(4) The loudspeaker cone or speaker diaphragm is one of the major elements of the speaker with requirements of rigidity and low mass. Ideally speaker diaphragm material would be as light as air and strong as steel. Unfortunately, in the real world, that material just does not exist. All diaphragm materials are a compromise between strength and lightness—at one extreme a metal like aluminum, which has strength but bad damping, allowing for ringing if it is not properly treated. At the other extreme, there are soft materials like silks.
(5) The speaker cone design is critical to the performance of the overall loudspeaker and has requirements that are difficult to meet to obtain the optimum performance. The main requirements are that the speaker cone or diaphragm should be low mass, but rigid. These requirements are not easy to achieve as rigid cones often require more mass, and low mass cones tend not to be so rigid. Whilst the two main requirements for speaker cones appear to be mutually exclusive, clever design and the innovative use of materials can enable some very high-performance loudspeakers to be designed and manufactured. Another requirement for a speaker cone material is that it should be self-damping. This helps reduce the effects of self-resonances which can color the sound.
(6) Since most desirable characteristics of materials used for the loudspeaker cone appear to be high modulus E, low density p, moderate internal loss and low overall weight. A large value of the ratio E/p is thus needed to extend the high frequency limit and to reduce harmonic distortion. With this in mind, paper-honeycomb-paper sandwich multi-layer construction having high rigidity moderate internal loss characteristics and low overall weight has also been considered for loudspeaker cones.
(7) To improve sound quality, different speakers need to focus on producing different sounds. Each speaker must only produce sounds within the limited frequency range. This allows the driver to specialize within the frequency band so that it does not need to reproduce too many sounds at the same time causing sound distortion. As a result, the most common setup to deliver the balanced sound is to have three separate speakers where one is responsible for high-frequency sound delivery and the other two for mid-range and bass, respectively. To achieve an overall balanced sound, the three speakers are usually placed in a single enclosure often referred to as a loudspeaker system. With all types of speakers built-in, the loudspeaker is usually designed to cover the full spectrum of human hearing that ranges from 20 to 20,000 Hz.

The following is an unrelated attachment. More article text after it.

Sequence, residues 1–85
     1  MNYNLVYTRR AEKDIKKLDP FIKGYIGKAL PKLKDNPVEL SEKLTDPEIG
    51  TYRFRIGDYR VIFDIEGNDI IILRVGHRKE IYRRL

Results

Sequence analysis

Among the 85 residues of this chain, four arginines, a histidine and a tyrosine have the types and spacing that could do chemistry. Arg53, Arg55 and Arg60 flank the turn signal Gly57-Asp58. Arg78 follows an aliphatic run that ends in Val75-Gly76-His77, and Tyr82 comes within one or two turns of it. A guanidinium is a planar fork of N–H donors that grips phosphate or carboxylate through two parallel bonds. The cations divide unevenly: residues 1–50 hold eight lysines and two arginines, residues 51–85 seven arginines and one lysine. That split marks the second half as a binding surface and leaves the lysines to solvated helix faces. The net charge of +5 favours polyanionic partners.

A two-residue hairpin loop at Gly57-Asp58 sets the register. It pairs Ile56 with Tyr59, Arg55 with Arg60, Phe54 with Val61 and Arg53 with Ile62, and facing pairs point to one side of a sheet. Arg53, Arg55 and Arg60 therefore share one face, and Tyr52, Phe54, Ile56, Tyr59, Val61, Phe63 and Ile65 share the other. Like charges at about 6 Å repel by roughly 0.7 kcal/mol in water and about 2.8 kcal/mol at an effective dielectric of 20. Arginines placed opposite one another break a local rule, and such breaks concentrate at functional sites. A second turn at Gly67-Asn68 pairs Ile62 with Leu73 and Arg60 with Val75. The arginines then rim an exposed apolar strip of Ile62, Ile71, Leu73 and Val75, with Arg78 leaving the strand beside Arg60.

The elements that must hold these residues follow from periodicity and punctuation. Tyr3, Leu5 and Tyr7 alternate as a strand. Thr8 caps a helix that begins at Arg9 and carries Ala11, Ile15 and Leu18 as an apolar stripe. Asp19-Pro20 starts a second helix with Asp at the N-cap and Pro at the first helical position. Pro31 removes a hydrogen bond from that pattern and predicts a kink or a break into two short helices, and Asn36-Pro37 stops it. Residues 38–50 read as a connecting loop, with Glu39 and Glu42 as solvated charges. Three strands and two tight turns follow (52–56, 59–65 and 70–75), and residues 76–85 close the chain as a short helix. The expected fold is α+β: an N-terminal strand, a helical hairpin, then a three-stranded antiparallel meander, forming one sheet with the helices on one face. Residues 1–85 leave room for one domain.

(8) The diaphragm is one of the most important parts of a speaker, and sound is generated by vibrations of the diaphragm. The diaphragm is also called a “cone” and it generates sound waves through variation of vibrations received from voice coil. For purposes of this disclosure “cone” is defined as “having a conical cross-section which radially decreases from a larger circle to a smaller circle which, if continued past said smaller circle would reach a vertex.” The cone is the biggest factor determining the frequency response and overall sound of the loudspeaker. It also suffers the greatest mechanical demands and so is a big influence on the power rating. In addition to this, the shape or profile of the cone is also critical. For example, a driver designed for a 2-way system will have a different cone profile to a subwoofer. The diaphragm determines most of the sound quality of the speaker, and frequency characteristics, like sound quality change depending on the material, thickness, shape, etc.
(9) The body of the cone can be made from an almost infinite variety of material and blends of materials, both man-made and natural, and then treated with a variety of resins and lacquers in different concentrations. The combination of stiffness, weight, damping and resilience of these materials all need careful consideration in order to get the best acoustic performance. There are different materials used in making speaker cones. These materials include paper, plastic, fabric, and metal. Each cone material has a certain impact on the performance of a speaker. There is an unending debate on which cone material performs the best. There are certain characteristics that make one material more ideal over the other.
(10) The main goal when choosing a speaker cone material is a material that reproduces voice coil signals in the most accurate way and with minimal distortion. As such, the best material is one that maintains tight movement and maximizes the point at which frequency breakup occurs.
(11) All cone materials have advantages and disadvantages. The three main properties designers look for in cones are light weight, stiffness, and lack of ringing. Exotic materials like Kevlar and magnesium are light and stiff, but can have ringing problems, depending on their fabrication and design. In U.S. Patent Application Pub. No. 2004/0146176 to Wei-Chung Wu (hereinafter “Wu”), a paper-honeycomb-Paper sandwich multi-layer loudspeaker cone structure is put forth as a loudspeaker cone. The main objective of this construction is to provide a high rigidity, moderate internal loss characteristics and low overall weight.
(12) To produce deep bass, a woofer cone must pump a considerable volume of air. A small cone naturally moves less air than a big cone. Yet by traveling over a greater distance with each back-and-forth stroke, even a relatively small cone can drive enough air to generate effective bass. In consequence, a well-designed 8-inch woofer with a long cone throw is apt to produce better bass than a 12-inch woofer of less exacting construction. Thus, size is not the sole determinant of bass response. However, once the design of the loudspeaker is finalized, not much can be done to change its characteristics.